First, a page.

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Kidney Week

Abstract: FR-PO646

Kidney and Urinary Manifestations in Kabuki Syndrome

Session Information

  • Pediatric Nephrology - II
    November 03, 2023 | Location: Exhibit Hall, Pennsylvania Convention Center
    Abstract Time: 10:00 AM - 12:00 PM

Category: Pediatric Nephrology

  • 1900 Pediatric Nephrology

Authors

  • Lee, Hyeonju, Seoul National University Children's Hospital, Seoul, Korea (the Republic of)
  • Park, Peong Gang, Seoul National University Children's Hospital, Seoul, Korea (the Republic of)
  • Choi, Naye, Seoul National University Children's Hospital, Seoul, Korea (the Republic of)
  • Shin, Hyeri, Seoul National University Children's Hospital, Seoul, Korea (the Republic of)
  • Ko, Jung Min, Seoul National University Children's Hospital, Seoul, Korea (the Republic of)
  • Kang, Hee Gyung, Seoul National University Children's Hospital, Seoul, Korea (the Republic of)
  • Ahn, Yo Han, Seoul National University Children's Hospital, Seoul, Korea (the Republic of)
Background

Kabuki syndrome (KS) is a rare genetic disorder caused by pathogenic variants in KMT2D (formerly MLL2) or KDM6A. It is characterized by multiple abnormalities including typical facial features, growth delays, varying degrees of intellectual disability, skeletal abnormalities, and short stature. Kidney and urinary manifestations of this syndrome include congenital anomalies of the kidneys and urinary tract (CAKUT), and there were some reports of kidney stone and kidney failure. This study aimed to describe the clinical features and prevalence of renal manifestations in KS patients.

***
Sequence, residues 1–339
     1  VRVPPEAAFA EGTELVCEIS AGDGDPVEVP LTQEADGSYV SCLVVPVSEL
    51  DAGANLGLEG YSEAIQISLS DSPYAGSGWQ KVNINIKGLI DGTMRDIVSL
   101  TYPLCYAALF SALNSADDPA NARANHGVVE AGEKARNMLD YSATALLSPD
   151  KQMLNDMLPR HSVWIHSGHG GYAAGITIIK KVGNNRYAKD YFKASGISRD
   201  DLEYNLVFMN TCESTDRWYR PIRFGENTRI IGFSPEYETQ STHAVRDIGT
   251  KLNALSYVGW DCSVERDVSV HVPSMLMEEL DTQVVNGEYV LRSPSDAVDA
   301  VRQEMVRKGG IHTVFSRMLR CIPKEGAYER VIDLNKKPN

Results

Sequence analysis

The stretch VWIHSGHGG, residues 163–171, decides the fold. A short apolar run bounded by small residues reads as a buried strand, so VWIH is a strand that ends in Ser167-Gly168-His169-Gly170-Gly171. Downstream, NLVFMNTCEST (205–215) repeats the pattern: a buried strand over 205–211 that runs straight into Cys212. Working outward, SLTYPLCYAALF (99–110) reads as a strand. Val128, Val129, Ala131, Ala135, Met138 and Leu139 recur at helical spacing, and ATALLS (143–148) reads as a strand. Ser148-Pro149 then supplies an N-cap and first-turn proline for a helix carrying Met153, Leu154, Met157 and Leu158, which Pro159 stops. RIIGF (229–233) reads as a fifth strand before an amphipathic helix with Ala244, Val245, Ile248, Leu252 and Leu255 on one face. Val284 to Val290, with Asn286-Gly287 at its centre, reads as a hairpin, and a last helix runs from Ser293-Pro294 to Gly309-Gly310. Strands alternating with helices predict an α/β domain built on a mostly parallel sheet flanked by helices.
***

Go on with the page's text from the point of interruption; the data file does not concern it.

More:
Methods

All genetically confirmed KS patients who visited the Seoul National University Children’s Hospital during the period of 2000 to 2023 were included. Medical records were retrospectively reviewed for clinical and laboratory findings.

Results

Sixty-one patients (28 males) were reviewed in this study. Their median age at diagnosis was 32 months (interquartile range (IQR) 9-110). Causative gene of KS were KMT2D in 58 cases and KDM6A in 3. CAKUT were found in total of 16 (26.2%) patients, including horseshoe kidney (n=6), ectopic kidney (n=5), vesicoureteral reflux (n=2), hypoplastic kidneys (n=2), multicystic dysplastic kidney (n=1), duplex kidney (1), unilateral renal agenesis (n=1), and hydronephrosis (1). In addition, 4 (6.6%) patients had kidney stones or nephrocalcinosis and two had ureter stones. Kidney function at diagnosis was normal in all patients, and one had proteinuria of tubular origin. After median follow-up of 5 years (IQR 2.5-7.5), kidney function did not decrease except for one patient, whose estimated GFR at age of 15 was 59 after partial nephrectomy due to complicated cysts.

Conclusion

More than one third of patients of KS had kidney or urinary involvement, and some of them progress to CKD. Therefore, screening for kidney or urinary problems and regular follow-up would be necessary for KS patients.